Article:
“I’m sorry, Ma’am. We’re closing, and you’re going to have to come back.”
Carissa Burdette’s heart sank.
It had been such an effort to get there. She had waited in line. But now it was too late to buy her groceries.
“I was determined I was not leaving until I had concluded my business,” said Burdette.
Fortunately for Burdette, a Regions Bank associate in Memphis, Tennessee, this was just part of a poverty simulation exercise. But for many, roadblocks like this are an everyday reality. And for those facing hurdles to address their family’s basic childcare, medical and household needs, it’s no game.
Similar to other large cities, the Memphis area is facing elevated poverty rates. According to the University of Memphis, the city’s poverty rate stood at nearly 28% in 2018, with the childhood poverty rate at 45%. People who live in surrounding counties fared somewhat better at nearly 19% overall, but poverty still impacts almost one in every three children.
This is about moving Memphis forward.
Blake Elliott, Commercial Banking Leader and Regions’ United Way chair in Memphis
“We learned the Memphis-area percentage represents more than 160,000 people in just eight counties,” said Burdette. “The numbers are staggering.”
But the numbers only tell one side of the story. On the other side is a spirit of determination and teamwork as Memphis-area nonprofits – and their volunteers and donors – work together to help more people overcome the challenges that are often at the root of poverty.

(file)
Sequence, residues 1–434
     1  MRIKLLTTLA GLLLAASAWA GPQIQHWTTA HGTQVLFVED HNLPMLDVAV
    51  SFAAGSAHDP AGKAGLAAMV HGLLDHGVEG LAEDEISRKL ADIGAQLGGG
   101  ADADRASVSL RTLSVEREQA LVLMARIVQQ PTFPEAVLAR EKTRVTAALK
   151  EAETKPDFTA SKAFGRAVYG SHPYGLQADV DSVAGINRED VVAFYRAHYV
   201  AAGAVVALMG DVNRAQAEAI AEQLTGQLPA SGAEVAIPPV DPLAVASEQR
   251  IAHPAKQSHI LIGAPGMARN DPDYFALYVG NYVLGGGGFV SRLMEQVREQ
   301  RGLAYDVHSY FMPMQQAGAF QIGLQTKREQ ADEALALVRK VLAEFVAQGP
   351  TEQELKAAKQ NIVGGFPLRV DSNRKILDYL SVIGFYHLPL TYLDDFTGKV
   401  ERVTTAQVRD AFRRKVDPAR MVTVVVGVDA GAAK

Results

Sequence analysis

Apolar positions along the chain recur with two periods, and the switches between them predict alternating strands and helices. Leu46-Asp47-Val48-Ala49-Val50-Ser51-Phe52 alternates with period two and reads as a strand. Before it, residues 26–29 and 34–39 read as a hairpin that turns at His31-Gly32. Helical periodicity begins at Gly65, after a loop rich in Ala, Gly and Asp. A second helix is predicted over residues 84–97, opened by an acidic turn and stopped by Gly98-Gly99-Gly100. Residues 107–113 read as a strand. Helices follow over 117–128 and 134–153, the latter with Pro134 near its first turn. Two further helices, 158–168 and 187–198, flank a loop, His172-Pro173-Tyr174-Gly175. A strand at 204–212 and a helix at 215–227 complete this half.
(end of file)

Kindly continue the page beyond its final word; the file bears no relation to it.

One example of that teamwork is Driving the Dream.
Launched by United Way of the Mid-South to tear down barriers and help more people build a brighter future, Driving the Dream is a coordinated care program that includes several organizations working in unity to strategically meet pressing needs.
“Driving the Dream helps people move from poverty to prosperity,” said Angelia Allen, Vice President of Strategic Development for United Way of the Mid-South. “Our partners range from other nonprofits, to municipal and faith-based organizations, to local businesses. When we’re all working together as a team, we can more effectively serve and support families in our region.”
Burdette’s reaction at the mock checkout line was precisely why Blake Elliott suggested conducting a half-day poverty simulation exercise before launching the Memphis Regions team’s United Way workplace giving campaign. Regions associates donate to United Way each year. But Elliott wanted to provide his 80 participating teammates with a unique experience to help them better recognize the impact their donations make.
“Behind every person is a story,” said Elliott, a Commercial Banking Leader and Regions’ United Way chair in Memphis. “We know that if more than 25% of our neighbors are experiencing poverty, it means we’re going to have many customers facing those challenges. When we take the time to understand their challenges – and work with organizations like United Way that are addressing those challenges – we can make a greater difference in the lives of the people and communities we serve.”
The simulation features a variety of stations that people visit in 15-minute increments to tackle everyday tasks, such as paying utility bills, making transportation arrangements, purchasing groceries and visiting nonprofit agencies for assistance.
Arrive at the location later than others and time runs out? You are turned away like Burdette.
“We waited in line a lot,” said Elliott, whose scenario involved being a single dad to a 20-year-old daughter, a 9-year-old daughter with learning disabilities and a 1-year-old grandchild, all living under the same roof.
“A lot of people may ask, ‘Why can’t people get out of debt and prioritize their long-term goals?,’” said Elliott. “But for many families, it’s about surviving week-to-week. Trying to prioritize was one of my greatest challenges.”